Nicola is the youngest member of the committee and is studying bookkeeping as part of her day job at North York Moors National Park. She is our treasurer and looks after the bank account, plus is very involved in frontline fundraising.
Nicola brings bags of enthusiasm, organisational skills and increasing financial knowledge to the committee. She got involved initially as she wanted to give something back to the community (a common volunteering motivation) and had got interested in mountain biking. Also, she gets to practice her burgeoning bookkeeping studies on the group.
For these reasons I envisage Nicola rattling a collecting tin at arm’s length.
Mike is chairman of the committee, and has driven the initiative tirelessly for over five years. He is an absolute mountain biking fanatic, and a bike guide/instructor for a living.
He runs the show; much as he’d like to share the load more with the other committee members, it would probably fall apart if he stepped away. His motivation is that he’s passionate about both biking and doing something to help the community, which makes Newbridge Park a perfect fit.
The prop for this one has to be a mountain bike. I see Mike peering through the spinning wheel of an upturned bike (mixed metaphor alert: he keeps the wheels on the whole operation / spins the plates).
Tim is a retired GP and pillar of the local community, and several years ago used his civic influence to get the nascent project the support it needed to get off the ground. Though less involved now, he is still an ambassador and occasional lobbyist for us.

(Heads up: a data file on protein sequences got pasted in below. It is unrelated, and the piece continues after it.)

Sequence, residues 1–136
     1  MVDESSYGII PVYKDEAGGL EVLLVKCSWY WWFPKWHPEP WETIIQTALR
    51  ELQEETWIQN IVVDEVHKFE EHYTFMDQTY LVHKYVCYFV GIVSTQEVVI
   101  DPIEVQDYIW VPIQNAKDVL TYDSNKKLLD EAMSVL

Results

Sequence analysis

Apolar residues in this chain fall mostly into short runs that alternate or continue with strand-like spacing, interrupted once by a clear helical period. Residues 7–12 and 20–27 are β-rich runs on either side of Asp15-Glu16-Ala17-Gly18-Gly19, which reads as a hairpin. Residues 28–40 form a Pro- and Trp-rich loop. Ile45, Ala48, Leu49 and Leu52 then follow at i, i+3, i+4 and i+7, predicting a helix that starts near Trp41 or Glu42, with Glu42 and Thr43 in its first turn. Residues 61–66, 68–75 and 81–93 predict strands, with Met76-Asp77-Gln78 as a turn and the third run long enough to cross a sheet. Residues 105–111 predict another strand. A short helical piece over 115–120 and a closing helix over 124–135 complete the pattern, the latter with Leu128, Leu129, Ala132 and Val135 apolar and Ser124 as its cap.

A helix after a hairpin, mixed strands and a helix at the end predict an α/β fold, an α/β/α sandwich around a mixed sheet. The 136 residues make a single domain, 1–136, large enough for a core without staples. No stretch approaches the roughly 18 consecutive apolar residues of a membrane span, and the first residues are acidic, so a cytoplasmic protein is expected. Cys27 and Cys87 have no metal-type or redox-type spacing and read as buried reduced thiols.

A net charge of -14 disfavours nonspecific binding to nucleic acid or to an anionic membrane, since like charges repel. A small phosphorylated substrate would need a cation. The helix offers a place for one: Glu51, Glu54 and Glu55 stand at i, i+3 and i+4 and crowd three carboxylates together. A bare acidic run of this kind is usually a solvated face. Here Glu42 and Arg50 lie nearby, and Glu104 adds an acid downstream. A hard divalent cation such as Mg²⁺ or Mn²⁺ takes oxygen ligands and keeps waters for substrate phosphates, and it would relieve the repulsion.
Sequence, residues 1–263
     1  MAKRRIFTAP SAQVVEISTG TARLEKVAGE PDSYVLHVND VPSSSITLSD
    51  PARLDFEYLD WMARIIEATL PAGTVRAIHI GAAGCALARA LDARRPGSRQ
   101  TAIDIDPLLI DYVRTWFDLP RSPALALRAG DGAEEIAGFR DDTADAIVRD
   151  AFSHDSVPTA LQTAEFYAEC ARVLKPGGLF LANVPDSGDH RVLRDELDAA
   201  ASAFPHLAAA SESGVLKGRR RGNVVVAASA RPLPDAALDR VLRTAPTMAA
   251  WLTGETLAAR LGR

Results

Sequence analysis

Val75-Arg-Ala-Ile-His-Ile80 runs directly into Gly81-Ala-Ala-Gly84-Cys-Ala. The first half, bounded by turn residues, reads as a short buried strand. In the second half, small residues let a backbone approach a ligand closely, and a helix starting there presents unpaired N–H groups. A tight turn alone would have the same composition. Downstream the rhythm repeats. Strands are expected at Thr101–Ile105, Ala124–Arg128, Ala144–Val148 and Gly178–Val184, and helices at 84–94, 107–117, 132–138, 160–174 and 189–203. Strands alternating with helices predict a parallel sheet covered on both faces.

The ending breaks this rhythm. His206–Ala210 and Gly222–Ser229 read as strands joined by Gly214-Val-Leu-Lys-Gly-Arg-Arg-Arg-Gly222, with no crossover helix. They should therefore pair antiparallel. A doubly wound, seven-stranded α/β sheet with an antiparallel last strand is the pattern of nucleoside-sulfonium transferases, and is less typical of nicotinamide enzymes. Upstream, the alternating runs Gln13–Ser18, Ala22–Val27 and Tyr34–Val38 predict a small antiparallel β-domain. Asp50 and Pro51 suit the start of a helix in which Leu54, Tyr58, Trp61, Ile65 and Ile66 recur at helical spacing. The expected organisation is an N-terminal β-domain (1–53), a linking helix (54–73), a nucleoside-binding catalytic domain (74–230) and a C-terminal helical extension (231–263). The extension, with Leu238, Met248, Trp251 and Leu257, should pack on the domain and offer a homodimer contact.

Tim’s contribution is his persuasive manner, his contacts and his years of civic experience. His initial drive for the project was his experience as a doctor seeing young people leading increasingly sedentary lives; he wanted to get the community to take more of an interest in physical activities.
The image I have in mind for Tim is him pointing a leaf-blower at a pile of dry leaves directly in front of him such that a cloud of leaves flies up to partially obscure his face. The reason for this is twofold: firstly it is literal as any time we have a maintenance day in the woods Tim comes along with his leaf-blower (I think he finds it therapeutic…) and secondly it is metaphorical as he was the original ‘path-clearer’ for the project back in the day, via his lobbying of the town council and others.
Just a quick note on sequencing: have mapped out these sketches (simply in the order that I arranged the shooting sessions) it’s becoming clearer to me that there might be an optimum sequence to present these subjects, in a rough implied timeline of the project (past-present-future).
- Tim: got the project off the ground
- Mike: keeps the whole operation running
- Nicola: makes sure we stay afloat financially
- Rick: plants for the future
A slight variation on this, switching around the last two, makes the implied narrative more about the older generation handing over to the younger:
- Tim: 60s
- Mike: 40s
- Rick: 40s
- Nicola: 20s
I’ll decide later but I do like the idea of having some overarching structure to how I present the four subjects. I can’t resist looking for a narrative…
More to follow…